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Yeoman Warders, commonly known as Beefeaters, protest outside the Tower of London on Jan. 22, 2019.HENRY NICHOLLS/Reuters

They’ve guarded the Tower of London for more than 500 years in their distinctive red-and-gold uniforms, but today the famous Beefeaters are embroiled in a very modern-day labour dispute.

On Tuesday, a group of Beefeaters, who are officially known as Yeomen Warders, walked off the job in a one-day protest over proposed changes to their pension plan. The dispute involves around 120 workers at the Tower and five royal palaces, and also includes gardeners, store clerks and some administrative staff. They’ve been waging a year-long battle with the charity that runs the landmarks, called Historic Royal Palaces (HRP), over a proposal to switch them from a defined-benefit to a defined-contribution pension plan.

“We’re doing this not to shut down the Tower but to bring publicity to this problem and try and put pressure on them,” said Michael Ainsley, an organizer with the GMB union that represents the workers. “If they aren’t happy to see us striking outside their iconic buildings, then hopefully that will put pressure on them.”

He added that the proposed change would sharply reduce the retirement income for the workers. Pensions in a defined-benefit plan are typically a guaranteed amount based on salary and length of service; in a defined-contribution plan, both employees and employers make contributions, but the amount an employee receives depends on the return the invested money makes. As in Canada, companies in Britain have been moving away from defined-benefit plans, arguing they are no longer sustainable.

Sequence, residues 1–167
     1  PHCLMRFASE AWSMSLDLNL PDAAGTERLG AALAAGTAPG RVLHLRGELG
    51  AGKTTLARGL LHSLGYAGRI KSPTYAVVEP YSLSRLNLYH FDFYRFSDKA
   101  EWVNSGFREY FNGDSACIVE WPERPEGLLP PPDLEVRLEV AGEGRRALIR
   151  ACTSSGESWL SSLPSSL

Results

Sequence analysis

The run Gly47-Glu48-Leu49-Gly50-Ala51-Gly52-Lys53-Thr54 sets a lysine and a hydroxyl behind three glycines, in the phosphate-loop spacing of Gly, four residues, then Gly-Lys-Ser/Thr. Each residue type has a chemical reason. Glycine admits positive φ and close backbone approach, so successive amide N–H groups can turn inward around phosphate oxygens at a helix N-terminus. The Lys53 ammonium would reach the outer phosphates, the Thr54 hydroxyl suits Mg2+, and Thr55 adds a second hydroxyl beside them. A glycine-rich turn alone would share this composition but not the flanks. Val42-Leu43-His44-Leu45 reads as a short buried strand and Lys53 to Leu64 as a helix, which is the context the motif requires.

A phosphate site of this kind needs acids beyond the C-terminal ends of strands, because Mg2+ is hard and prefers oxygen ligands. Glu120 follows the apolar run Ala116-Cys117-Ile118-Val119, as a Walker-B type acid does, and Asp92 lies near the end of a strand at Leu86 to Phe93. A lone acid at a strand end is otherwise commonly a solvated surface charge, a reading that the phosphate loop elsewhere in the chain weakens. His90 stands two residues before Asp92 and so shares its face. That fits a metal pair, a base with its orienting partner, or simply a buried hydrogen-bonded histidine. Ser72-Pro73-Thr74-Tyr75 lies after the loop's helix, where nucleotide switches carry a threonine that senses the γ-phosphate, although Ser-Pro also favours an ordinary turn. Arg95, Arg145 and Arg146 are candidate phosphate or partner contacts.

The Beefeaters date back to 1485, when Henry VII set up a special unit of soldiers to guard prisoners in the Tower. Today, there are about 40 Beefeaters who are all retired soldiers and spend their time guiding tourists, guarding the crown jewels and participating in ceremonial events. It’s not clear where the nickname came from, but it’s believed that centuries ago the guards received a large portion of beef as part of their daily pay.

On Tuesday, a handful of Beefeaters and other workers picketed outside the Tower and Hampton Court, which both remained open. Mr. Ainsley said the Beefeaters aren’t allowed to wear their distinctive uniform on the picket line, and they can’t comment on the dispute. It’s the first time the Beefeaters have gone on strike in 55 years, he added. “They don’t do this lightly.”

The Tower of London is one of the most popular tourist destinations in Britain, attracting nearly three million visitors annually. Last year was a record year for HRP, with 4.7 million total visitors to the six historic sites it manages: the Tower, Kensington Palace, Hampton Court, Banqueting House, Kew Palace and Hillsborough Castle in Northern Ireland.

All of the palaces are officially owned by the Queen and used to be managed by a government department. HRP was created in 1998 to take over management and receives no public money, relying entirely on ticket sales, retail operations and donations.

At the time it was set up, HRP employees were put into a defined-benefit pension plan that mirrored the public-service plan. In 2002, the charity closed that plan, and all new hires went into a defined-contribution pension. Today, there are around 1,000 employees in total, but only 120 remain in the defined-benefit plan.

John Barnes, HRP’s chief executive, has said the pension plan is “financially unsustainable.”

“We have already offered substantial compensation and transition arrangements to the 11 per cent of our staff who are affected during a lengthy consultation,” he said in a statement. He added that the charity is sticking to its decision to make the change in April.

The union argues that HRP is enjoying substantial profits and can afford the defined-benefit plan. Last year, HRP reported record revenue of nearly £100-million ($172-million) and a profit of £3.1-million. According to the charity’s most recent financial statements, the pension plan has a deficit of £4.9-million, as of March 31, 2018, and total assets were £86.4-million. “They actually can afford it, but they want to spend the money on other things,” Mr. Ainsley said. He added that the union is planning more walkouts.

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